<p>I'm a scout leader and blisters are a constant threat. They can be annoying and painful and they can lead to serious medical problems if left unattended. These measures look really good. We try to keep a healthy supply of mole skins on hand, but in a pinch you can use duct tape. When you feel a warm spot on your foot, cover it with duct tape and keep going. This is not recommended if a blister as already risen as the tape may cause the blister to rupture when you take it off.</p>
<p>A small piece of Hikers Wool or a tiny scrap of gauze can be put over the blister and under the duct tape. I like duct tape because it is slippery on the outside and sticks very well.</p>
<p>You can buy sock liners that serve the same purpose.</p>
<p>&quot;Yo dawg I heard you like socks, so heres some socks for your socks....&quot; or something like that.</p>
<p>Going to need this for my new pair of boots.</p>
<p>Get then resoled with sponge like tread. Find any Army surplus place and they do it for a nominal fee + soles. I prefer this type in a sponge like soft consistency.</p><p><a href="http://www.militaryclothing.com/ImgUpload/P_554042_1302418.JPG" rel="nofollow">http://www.militaryclothing.com/ImgUpload/P_554042...</a></p><p>I went to the desert and sifted through sand so see what works for you in the unlimited variable of designs out there. Not trying to rob anyone's post, great knowledge for anyone!</p>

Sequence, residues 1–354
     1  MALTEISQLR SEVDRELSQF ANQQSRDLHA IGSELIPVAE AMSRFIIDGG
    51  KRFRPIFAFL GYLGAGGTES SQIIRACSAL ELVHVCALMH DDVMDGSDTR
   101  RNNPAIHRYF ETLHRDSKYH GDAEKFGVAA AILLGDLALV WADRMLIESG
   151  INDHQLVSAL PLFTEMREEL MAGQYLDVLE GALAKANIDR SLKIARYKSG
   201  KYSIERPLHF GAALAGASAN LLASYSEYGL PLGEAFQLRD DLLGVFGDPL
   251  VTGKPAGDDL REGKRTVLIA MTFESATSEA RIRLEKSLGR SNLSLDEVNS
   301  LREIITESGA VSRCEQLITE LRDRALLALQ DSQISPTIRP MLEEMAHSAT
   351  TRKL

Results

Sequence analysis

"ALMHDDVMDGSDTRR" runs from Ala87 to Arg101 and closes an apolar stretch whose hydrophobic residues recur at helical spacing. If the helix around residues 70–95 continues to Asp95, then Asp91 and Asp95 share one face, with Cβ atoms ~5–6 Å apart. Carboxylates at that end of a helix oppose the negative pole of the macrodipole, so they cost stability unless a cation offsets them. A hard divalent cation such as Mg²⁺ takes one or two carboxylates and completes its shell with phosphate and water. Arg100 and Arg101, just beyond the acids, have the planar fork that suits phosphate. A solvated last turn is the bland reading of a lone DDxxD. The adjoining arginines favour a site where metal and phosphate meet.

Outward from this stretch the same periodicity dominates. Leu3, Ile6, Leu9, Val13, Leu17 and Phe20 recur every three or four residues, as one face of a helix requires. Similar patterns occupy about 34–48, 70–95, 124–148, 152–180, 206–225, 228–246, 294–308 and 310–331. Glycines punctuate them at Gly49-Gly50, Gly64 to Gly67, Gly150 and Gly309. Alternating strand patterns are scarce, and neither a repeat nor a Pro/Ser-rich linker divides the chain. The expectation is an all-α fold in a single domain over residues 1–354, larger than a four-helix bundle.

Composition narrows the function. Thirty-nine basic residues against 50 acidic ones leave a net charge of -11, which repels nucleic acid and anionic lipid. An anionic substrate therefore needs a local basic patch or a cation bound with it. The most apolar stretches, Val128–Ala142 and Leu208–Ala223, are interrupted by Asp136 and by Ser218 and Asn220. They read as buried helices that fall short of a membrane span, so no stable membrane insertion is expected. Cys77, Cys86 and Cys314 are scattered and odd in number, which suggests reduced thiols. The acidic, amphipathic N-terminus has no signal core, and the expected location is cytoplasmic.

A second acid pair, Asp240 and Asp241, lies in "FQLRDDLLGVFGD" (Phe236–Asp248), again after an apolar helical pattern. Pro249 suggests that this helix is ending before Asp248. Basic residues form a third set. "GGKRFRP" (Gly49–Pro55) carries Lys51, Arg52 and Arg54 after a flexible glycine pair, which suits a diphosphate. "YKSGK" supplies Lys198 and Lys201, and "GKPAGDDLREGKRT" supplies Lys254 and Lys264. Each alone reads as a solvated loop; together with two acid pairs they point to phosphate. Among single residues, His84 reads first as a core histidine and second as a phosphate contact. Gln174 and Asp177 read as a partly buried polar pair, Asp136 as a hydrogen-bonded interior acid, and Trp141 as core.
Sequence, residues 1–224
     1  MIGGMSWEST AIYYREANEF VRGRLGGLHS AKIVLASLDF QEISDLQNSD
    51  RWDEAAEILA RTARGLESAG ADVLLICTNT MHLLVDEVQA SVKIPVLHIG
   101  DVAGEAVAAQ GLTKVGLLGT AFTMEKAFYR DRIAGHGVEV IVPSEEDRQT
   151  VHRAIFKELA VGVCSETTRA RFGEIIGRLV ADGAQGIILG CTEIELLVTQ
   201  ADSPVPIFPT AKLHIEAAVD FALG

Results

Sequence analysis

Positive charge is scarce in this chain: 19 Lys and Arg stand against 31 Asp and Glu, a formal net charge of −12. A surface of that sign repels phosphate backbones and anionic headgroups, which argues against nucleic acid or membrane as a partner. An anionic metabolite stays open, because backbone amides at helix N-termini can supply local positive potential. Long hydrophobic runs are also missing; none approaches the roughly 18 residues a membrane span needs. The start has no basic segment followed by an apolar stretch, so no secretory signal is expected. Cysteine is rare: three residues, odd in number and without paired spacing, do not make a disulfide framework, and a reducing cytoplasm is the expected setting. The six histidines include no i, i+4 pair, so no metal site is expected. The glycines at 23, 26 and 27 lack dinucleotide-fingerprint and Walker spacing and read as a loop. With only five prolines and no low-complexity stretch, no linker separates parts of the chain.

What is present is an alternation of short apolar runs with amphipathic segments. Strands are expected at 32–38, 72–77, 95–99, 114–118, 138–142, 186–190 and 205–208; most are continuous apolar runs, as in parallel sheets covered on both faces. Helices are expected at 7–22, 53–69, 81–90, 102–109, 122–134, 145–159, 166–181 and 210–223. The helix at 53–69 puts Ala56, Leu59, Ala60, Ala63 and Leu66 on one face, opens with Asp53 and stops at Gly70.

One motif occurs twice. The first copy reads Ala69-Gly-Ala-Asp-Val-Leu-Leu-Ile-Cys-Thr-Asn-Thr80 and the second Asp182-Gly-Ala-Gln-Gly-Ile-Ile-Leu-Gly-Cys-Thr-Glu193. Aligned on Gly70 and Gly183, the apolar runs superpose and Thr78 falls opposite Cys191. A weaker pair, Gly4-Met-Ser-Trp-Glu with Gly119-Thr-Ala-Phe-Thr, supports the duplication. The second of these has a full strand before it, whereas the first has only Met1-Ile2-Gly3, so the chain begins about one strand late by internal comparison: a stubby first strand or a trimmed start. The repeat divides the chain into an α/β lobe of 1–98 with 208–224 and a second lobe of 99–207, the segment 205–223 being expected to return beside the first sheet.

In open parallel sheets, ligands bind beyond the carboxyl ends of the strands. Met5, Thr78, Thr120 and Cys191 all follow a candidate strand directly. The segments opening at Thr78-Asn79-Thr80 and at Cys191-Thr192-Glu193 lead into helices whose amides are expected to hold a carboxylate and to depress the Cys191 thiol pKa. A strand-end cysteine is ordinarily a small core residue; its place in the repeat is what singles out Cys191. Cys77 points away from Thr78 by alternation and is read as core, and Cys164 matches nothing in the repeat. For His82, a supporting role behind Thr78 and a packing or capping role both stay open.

<p>Welcome to the Infantry! The use of thin dress socks and band-aids to prevent hot spots under woolen socks has been around for years and years! I commend you for putting the knowledge out there but find any single Basic Army Infantry recruit and you will find a Jr. podiatrist. Or a masochist...</p>
Awesome I'm voting you instead of me! Because this is useful thank you for showing us because I go ic shaking for 4 hours and when I come home my toes have 1 inch of blisters! It went away for 3 months and a half because repair the water in it then the skin and all that stuff!
<p>Been playing racquetball all winter. Wish I knew this trick about 4 months ago!</p>

About This Instructable

21,885views

154favorites

License:

Bio: Made in Canada, I grew up crafting, making, and baking. Out of this love for designing and creating, I pursued a BFA in product design ... More »
More by Paige Russell:How to Dry Herbs Homemade Fruit Leather Sun-Dried Tomatoes 
Add instructable to: